A t-shirt worn by the murder suspect which prosecutors say had “a significant amount of high-velocity” blood spatter may have been destroyed “in bad faith,” his lawyers claim.
Senior National Reporter
Lawyers for Alex Murdaugh, who is set to stand trial for the murders of his wife and son in January, have slammed prosecutors for allegedly manipulating testimony and destroying evidence “in bad faith” in the high-profile case that has embroiled one of the most influential families in South Carolina.
In a scathing 96-page motion filed Wednesday in Colleton County criminal court, Murdaugh’s lawyers requested that a state judge prohibit some prosecutorial testimony at the trial set to begin on Jan. 30, alleging that the government “engaged in a campaign of selective and deceptive leaks to news media to convince the public that Murdaugh is guilty before he is tried.”
The allegedly false claim was that Murdaugh’s t-shirt from the night of the June 2021 murders had “a significant amount of high-velocity” blood spatter indicating he was physically close to the crime.
The most damning allegation from Murdaugh’s camp, however, is the State Law Enforcement Division (SLED) investigators’ ultimate chemical destruction of Murdaugh’s shirt during testing “may well have happened in bad faith, but it could also be mere gross negligence.”
“The defense is entitled to a pretrial hearing where counsel can question the lab analysts and others who test the shirt under oath to determine why particular tests were performed,” Murdaugh’s lawyers noted.
Murdaugh has pleaded not guilty on two counts of murder and two counts of possession of a weapon during the commission of a violent crime in connection with the murders of his 52-year-old wife Maggie and their 22-year-old son Paul. The former lawyer is also facing over 80 charges after allegedly swindling millions from his former clients and law firm—as well as another set of charges for allegedly trying to stage his own murder so his only living son, Buster, could inherit his $10 million life insurance policy.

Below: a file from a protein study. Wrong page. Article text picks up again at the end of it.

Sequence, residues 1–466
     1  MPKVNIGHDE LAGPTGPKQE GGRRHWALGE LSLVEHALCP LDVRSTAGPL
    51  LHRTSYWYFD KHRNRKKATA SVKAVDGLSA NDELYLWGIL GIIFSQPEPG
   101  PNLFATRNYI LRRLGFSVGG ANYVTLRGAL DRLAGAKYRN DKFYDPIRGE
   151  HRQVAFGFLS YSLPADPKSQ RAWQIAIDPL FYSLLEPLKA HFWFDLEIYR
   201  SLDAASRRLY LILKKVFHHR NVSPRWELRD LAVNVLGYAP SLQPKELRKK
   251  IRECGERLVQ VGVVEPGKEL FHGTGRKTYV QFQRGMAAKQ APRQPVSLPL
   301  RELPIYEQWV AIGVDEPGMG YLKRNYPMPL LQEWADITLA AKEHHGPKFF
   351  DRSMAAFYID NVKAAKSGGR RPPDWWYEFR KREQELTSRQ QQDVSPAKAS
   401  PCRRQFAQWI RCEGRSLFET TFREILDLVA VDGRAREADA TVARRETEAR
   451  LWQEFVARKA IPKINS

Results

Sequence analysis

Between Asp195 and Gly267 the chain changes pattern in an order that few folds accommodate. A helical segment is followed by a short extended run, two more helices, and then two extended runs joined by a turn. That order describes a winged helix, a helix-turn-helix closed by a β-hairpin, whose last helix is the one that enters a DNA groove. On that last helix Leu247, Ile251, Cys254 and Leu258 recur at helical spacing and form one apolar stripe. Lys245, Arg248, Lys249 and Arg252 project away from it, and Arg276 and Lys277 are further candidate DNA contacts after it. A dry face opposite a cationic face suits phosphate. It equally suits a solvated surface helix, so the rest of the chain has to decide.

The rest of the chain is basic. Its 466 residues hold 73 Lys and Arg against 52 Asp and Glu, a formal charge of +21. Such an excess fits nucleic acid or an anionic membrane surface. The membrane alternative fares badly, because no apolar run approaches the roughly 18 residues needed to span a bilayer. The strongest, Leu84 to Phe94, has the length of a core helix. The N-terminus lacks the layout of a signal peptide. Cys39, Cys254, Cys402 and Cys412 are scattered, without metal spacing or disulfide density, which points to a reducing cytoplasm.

Authorities say Murdaugh called 911 around 10:07 p.m. the night of the double homicide after he said he discovered his wife and son near the dog kennels located on their 1,770-acre Colleton County estate. In the seven-minute 911 call, Murdaugh is heard telling a dispatcher that his “wife and child have been shot” and not breathing.
“I’ve been up to it now. It’s bad,” Murdaugh said while dogs barked in the background.
The Wednesday motion notes that the murder scene “was gruesome; there was a large amount of blood on and around the bodies which transferred onto Mr. Murdaugh’s hands and clothing when he frantically checked them for signs of life.”
Defense lawyers note the SLED investigators ultimately tested Murdaugh’s shirt for blood—and even cut a piece off during the examination. The report from the cut portion tested the “position for DNA from Maggie but Paul was excluded as a possible DNA contributor.”
But Murdaugh’s defense has not been able to test the shirt themselves because the shirt was destroyed from the testing, turning “completely blue” with stains from the testing solution.
Then, they note, that a local news outlet got ahold of the prosecution’s expert analysis of the evidence from Tom Bevel, a retired Oklahoma City police officer who has a “degree in administration of criminal justice but no academic credentials in any scientific discipline.”
“Neither the defense nor Mr. Bevel have been able to perform any tests on the shirt because the State destroyed it,” the motion says. “Mr. Bevel's first report to the State emphatically said the shirt contained no stains consistent with blood spatter resulting from a gunshot.”
Further, they argue that SLED’s “confirmatory blood testing results were negative for human blood in the areas of the shirt where Mr. Bevel opines blood spatter is present.”
“The bad faith here is not merely the destruction of the shirt. Manifest bad faith occurred in SLED’s dishonest concealment of the destruction when obtaining a false report from Mr. Bevel stating Mr. Murdaugh’s shirt had over a hundred high-velocity impact spatter bloodstains consistent with a gunshot—when SLED knows the shirt does not have any human blood on it at all—based on Mr. Bevel’s purported examination of the shirt… that in fact was already destroyed,” they added.
Senior National Reporter
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